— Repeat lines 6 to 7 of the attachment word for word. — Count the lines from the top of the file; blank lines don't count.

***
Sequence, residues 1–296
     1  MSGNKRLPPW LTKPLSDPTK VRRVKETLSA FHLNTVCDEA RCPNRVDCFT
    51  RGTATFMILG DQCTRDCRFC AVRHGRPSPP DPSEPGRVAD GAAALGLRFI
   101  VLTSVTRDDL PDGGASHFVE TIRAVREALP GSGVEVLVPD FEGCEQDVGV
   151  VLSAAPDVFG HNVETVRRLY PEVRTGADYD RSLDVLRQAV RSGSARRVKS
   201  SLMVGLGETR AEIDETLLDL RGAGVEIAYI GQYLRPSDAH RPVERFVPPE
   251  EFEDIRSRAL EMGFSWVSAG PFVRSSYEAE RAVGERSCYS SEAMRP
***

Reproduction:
   201  SLMVGLGETR AEIDETLLDL RGAGVEIAYI GQYLRPSDAH RPVERFVPPE
   251  EFEDIRSRAL EMGFSWVSAG PFVRSSYEAE RAVGERSCYS SEAMRP